The Concentus Citizenship Education Foundation is a recognized centre of excellence for the development and promotion of citizenship and citizenship education.



The Concentus Citizenship Education Foundation’s mandate is to educate and empower individuals to understand their rights and to be responsible, respectful, and participatory citizens committed to justice in our multicultural, pluralistic society.



  • In September 2010, the Saskatchewan Human Rights Commission (SHRC), the Ministry of Education, and the Ministry of Justice established a partnership to create citizenship education resources for Kindergarten to Grade 12 classrooms.
  • The Concentus Citizenship Education Foundation Inc. (previously the Saskatchewan Citizenship Education Foundation, and previously a numbered company) began working with government agencies, educators, and other stakeholders to create citizenship education resources.
  • In 2012, Concentus received financial support from the Law Foundation of Saskatchewan to complete the classroom resources.
  • Between 2012 and 2016, classroom resources were created, field-tested, revised, and piloted in classrooms across Saskatchewan.
  • In 2016, the classroom resources and pedagogy were made available to teachers at ca
  • In 2017, the Canada Revenue Agency officially registered the Concentus Citizenship Education Foundation as a charitable organization.



Concentus operates at arms-length from the SHRC, and exists as a separate entity, to receive funds from external agencies. Presently, the Chief Commissioner serves as the Chair of Concentus, and the six (6) Commissioners serve as voting members. This structure is expected to change in 2017.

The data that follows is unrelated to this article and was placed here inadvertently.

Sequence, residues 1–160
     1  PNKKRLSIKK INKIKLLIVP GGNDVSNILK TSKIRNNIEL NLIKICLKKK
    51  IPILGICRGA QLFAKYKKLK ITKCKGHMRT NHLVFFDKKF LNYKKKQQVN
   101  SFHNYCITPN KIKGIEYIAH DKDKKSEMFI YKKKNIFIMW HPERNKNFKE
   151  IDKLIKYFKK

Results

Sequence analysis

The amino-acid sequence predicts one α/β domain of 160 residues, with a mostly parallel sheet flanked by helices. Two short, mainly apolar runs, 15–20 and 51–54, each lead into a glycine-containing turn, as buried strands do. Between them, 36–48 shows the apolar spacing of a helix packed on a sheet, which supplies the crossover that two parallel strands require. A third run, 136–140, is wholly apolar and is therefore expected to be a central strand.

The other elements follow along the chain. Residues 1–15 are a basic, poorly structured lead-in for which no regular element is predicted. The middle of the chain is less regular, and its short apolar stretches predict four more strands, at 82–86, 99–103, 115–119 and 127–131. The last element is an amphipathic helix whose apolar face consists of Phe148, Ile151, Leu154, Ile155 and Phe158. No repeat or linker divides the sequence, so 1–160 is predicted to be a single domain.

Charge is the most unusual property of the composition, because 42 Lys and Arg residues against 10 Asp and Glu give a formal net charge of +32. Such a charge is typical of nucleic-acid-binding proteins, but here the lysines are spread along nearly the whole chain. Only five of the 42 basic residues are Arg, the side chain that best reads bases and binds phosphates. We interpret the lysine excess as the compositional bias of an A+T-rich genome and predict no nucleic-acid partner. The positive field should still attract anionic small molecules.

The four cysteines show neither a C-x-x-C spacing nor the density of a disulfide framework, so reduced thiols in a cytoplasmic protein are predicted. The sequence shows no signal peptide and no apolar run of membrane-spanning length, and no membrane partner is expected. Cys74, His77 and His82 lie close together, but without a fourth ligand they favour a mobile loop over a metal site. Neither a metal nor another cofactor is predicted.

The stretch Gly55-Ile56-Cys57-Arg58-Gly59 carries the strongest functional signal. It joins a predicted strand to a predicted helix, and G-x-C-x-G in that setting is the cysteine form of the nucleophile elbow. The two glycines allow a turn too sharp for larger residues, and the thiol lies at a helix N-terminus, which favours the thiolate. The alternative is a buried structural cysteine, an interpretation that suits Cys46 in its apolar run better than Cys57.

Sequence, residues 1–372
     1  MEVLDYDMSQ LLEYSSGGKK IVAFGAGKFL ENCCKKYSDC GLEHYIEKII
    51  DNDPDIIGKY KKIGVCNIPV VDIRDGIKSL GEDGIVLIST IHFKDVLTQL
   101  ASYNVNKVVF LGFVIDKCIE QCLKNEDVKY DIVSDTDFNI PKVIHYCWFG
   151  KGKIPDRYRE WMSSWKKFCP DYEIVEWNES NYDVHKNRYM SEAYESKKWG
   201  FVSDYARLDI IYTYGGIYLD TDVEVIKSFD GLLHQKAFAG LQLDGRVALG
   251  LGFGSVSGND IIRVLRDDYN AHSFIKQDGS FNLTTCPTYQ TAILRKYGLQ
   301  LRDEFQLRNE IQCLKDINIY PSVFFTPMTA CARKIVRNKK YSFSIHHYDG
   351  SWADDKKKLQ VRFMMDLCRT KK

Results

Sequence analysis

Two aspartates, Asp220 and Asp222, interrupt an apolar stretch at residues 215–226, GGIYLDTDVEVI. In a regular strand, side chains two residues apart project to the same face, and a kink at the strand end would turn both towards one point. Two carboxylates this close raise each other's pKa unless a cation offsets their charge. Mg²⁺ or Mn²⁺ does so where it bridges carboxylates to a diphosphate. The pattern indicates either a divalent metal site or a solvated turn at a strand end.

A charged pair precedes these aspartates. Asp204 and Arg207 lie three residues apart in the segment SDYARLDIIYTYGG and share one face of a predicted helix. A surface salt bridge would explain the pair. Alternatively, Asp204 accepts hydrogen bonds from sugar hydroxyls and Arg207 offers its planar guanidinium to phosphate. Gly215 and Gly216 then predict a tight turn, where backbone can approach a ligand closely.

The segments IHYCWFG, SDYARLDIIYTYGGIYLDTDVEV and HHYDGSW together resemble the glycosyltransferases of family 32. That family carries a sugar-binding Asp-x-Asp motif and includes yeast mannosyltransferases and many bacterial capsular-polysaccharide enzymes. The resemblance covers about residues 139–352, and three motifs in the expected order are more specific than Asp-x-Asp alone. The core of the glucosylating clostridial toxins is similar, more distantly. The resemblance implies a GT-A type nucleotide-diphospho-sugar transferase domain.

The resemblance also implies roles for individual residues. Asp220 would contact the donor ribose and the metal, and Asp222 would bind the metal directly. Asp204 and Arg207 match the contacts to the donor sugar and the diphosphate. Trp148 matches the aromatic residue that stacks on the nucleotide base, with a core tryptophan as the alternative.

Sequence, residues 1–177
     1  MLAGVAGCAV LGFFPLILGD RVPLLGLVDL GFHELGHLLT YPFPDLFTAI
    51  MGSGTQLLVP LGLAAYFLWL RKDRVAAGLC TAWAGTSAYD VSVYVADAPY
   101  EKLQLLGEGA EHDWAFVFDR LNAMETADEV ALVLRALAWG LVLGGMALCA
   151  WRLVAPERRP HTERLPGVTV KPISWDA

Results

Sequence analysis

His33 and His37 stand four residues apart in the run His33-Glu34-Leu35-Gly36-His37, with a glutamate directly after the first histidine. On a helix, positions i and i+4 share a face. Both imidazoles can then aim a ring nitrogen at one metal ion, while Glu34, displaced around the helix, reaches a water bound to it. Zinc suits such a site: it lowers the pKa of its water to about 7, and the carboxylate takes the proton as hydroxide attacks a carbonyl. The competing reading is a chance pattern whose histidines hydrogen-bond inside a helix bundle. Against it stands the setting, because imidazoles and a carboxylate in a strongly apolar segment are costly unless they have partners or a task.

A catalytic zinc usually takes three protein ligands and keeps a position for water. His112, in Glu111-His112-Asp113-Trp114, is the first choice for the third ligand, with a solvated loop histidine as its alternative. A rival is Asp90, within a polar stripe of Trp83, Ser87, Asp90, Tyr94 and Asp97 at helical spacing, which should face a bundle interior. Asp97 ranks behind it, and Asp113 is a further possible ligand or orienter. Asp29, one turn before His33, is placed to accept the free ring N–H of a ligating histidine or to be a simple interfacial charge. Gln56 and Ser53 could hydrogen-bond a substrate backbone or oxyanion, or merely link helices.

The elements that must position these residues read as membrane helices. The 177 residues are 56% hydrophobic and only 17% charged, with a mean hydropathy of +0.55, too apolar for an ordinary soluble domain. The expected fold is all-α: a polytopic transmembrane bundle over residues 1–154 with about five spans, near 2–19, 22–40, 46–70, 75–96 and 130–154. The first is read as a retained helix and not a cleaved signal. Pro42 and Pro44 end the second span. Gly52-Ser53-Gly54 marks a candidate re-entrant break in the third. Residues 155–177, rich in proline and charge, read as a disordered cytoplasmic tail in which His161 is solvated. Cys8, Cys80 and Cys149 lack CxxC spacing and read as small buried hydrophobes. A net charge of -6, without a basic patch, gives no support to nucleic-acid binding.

The goal of citizenship education is to foster:

  • Engaged citizens who question, critically examine, advocate, and defend rights and responsibilities embedded in democracy at the local, regional, provincial, national, and global levels.
  • Lifelong learning citizens who continuously strive to understand the dynamics of change in society, and they critically seek new information to make reasoned and unbiased decisions.
  • Citizens with a strong sense of self, community, and place who value and demonstrate a positive commitment to understanding these concepts as citizens, and to the exploration of citizenship responsibilities inherent in these relationships at local, regional, national, and global levels.


Big Ideas

The five characteristics of respectful and responsible Canadian citizens:


They understand that historical events have an impact on today’s decisions, and today’s understandings have an impact on our perception and interpretation of historical and current events.



They understand that governance and public decision-making reflect rights and responsibilities, and they promote societal well-being amidst different conceptions of the public good.



They understand that diversity is strength and it should be understood, respected, and affirmed.



They understand that Canadian citizenship is lived, relational, and experiential, and it requires an understanding of Aboriginal, treaty, and human rights.



They understand that each individual has a place in, and a responsibility to, an ethical civil society. Similarly, government has a reciprocal responsibility to each member of society.



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